Maryland lawmakers are taking steps to prevent universities in the state from forming partnerships with MD sports betting operators. The proposed bill, SB 620, would prohibit colleges and universities from partnering with a sports betting operator if they receive compensation for student participation in certain sports wagering. It would also require public disclosure of any such partnerships.

Maryland Lawmaker Inspired to Act

The bill was introduced by Sen. Shelly Hettleman after reading a series of New York Times articles about sports betting. In November 2021, the Times reported that the University of Colorado had formed a deal with PointsBet sportsbook that included a $1.6 million payment and a $30 bonus for every person who signed up for the app via a referral code. Following pushback, the two sides changed that aspect of the deal.

Hettleman was concerned that a similar situation could occur in Maryland, particularly with the University of Maryland partnering with PointsBet. However, PointsBet confirmed that the University does not receive compensation related to signups.

The bill received a hearing in the Senate Energy, Education, and Environment Committee on Wednesday, but no action was taken. Hettleman believes there is optimism about passing the legislation this session, which lasts through April 10. 

 “I have to tell you, so far, I’m not getting opposition from our university system,” Hettleman stated. “I’m pleased about that.”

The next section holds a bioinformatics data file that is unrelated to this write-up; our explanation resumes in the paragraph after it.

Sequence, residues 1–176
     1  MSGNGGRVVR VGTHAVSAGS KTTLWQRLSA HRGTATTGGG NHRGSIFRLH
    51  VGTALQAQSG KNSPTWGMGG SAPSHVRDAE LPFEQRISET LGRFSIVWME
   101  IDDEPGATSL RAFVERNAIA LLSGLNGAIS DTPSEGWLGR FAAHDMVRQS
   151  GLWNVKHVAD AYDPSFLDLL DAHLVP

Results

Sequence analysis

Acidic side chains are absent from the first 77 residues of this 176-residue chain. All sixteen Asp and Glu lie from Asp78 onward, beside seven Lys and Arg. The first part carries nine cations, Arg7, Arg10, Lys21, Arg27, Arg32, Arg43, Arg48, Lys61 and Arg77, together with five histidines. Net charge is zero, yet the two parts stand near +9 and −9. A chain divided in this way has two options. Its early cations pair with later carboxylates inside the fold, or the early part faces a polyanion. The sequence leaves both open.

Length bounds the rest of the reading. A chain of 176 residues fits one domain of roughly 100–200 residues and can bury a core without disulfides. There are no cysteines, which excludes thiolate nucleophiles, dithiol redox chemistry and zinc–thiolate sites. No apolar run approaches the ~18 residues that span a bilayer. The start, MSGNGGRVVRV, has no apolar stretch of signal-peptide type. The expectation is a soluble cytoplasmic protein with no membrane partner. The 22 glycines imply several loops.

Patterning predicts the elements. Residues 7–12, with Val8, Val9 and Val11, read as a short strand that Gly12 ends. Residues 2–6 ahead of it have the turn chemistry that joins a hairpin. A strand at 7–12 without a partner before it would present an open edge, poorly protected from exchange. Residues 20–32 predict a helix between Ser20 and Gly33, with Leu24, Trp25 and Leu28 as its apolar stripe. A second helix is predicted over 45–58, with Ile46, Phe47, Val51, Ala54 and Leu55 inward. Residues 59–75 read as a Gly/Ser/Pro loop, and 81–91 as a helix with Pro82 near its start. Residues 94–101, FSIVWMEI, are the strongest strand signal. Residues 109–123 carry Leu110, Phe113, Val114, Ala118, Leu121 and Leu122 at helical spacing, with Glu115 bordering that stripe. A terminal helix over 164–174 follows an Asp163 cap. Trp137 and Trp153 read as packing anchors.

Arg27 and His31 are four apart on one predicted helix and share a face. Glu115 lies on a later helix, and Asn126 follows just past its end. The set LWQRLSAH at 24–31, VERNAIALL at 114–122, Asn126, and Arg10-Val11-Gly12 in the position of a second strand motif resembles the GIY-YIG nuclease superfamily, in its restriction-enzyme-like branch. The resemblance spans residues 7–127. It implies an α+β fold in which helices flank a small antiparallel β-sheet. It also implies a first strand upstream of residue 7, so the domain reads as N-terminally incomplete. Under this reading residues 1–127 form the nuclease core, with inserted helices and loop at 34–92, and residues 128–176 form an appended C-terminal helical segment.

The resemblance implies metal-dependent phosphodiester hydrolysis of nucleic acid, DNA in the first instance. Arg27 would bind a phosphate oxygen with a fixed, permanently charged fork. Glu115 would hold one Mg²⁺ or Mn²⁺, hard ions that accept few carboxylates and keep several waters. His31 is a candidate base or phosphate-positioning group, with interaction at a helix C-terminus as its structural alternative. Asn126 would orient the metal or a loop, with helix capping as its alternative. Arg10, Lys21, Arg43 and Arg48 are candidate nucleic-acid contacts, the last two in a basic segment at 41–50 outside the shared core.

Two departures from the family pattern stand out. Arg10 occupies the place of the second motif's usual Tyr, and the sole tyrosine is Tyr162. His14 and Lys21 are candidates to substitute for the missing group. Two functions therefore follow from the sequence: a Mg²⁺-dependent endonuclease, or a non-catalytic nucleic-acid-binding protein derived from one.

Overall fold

While the bill would prevent any future deals involving sign-up bonus incentives, it would not prohibit universities from forming partnerships with sports betting operators altogether. Keith Whyte, the executive director of the National Council on Problem Gambling, has criticized such partnerships, saying they present a problem gambling risk. This is amplified by the fact that Marylanders can now place sports wagers online.

Other Colleges Draw Criticism for Such Partnerships

Other colleges, such as LSU and Michigan State University, have also faced criticism for their relationships with sports betting companies. In early 2022, LSU students received emails with a sign-up code to start using the sports betting platform and raising concerns about the possible impact on underage individuals.

As universities and sports betting operators continue to adjust to the challenges of official partnerships, questions have arisen about the logistical hurdles involved in advertising to college students. With most undergraduate students under 21 years of age, operators and athletic departments must ensure that marketing materials don’t target underage bettors.

In Ohio, PENN entertainment was fined by regulators due to violating sports betting regulations when organizing an event. The event host at the University of Toledo’s campus shared a sign-up code for the Barstool online sportsbook, resulting in a violation due to the number of individuals under the age of 21 at the show.

In Massachusetts, university-operator deals are complete nonstarters due to regulations prohibiting sports betting operators from advertising on any college or university campus, or in college or university news outlets. However, the state has recently launched retail sports betting, with mobile sports betting set to go live on March 10.

Can Organizations Earn Through Other Ways?

Matt Brown, the publisher of Extra Points, notes that each school’s situation is different in terms of their interest in a sports betting deal. Nevertheless, there is another way for schools and conferences to partner with sports betting companies to generate revenue – selling data rights

For example, the Mid-American Conference signed a data partnership with Genius Sports in 2022, requiring sports betting companies to pay for the league’s data if they want to use official statistics in real-time. It’s a less controversial way for schools to get involved and generate revenue while avoiding the challenges of traditional partnerships.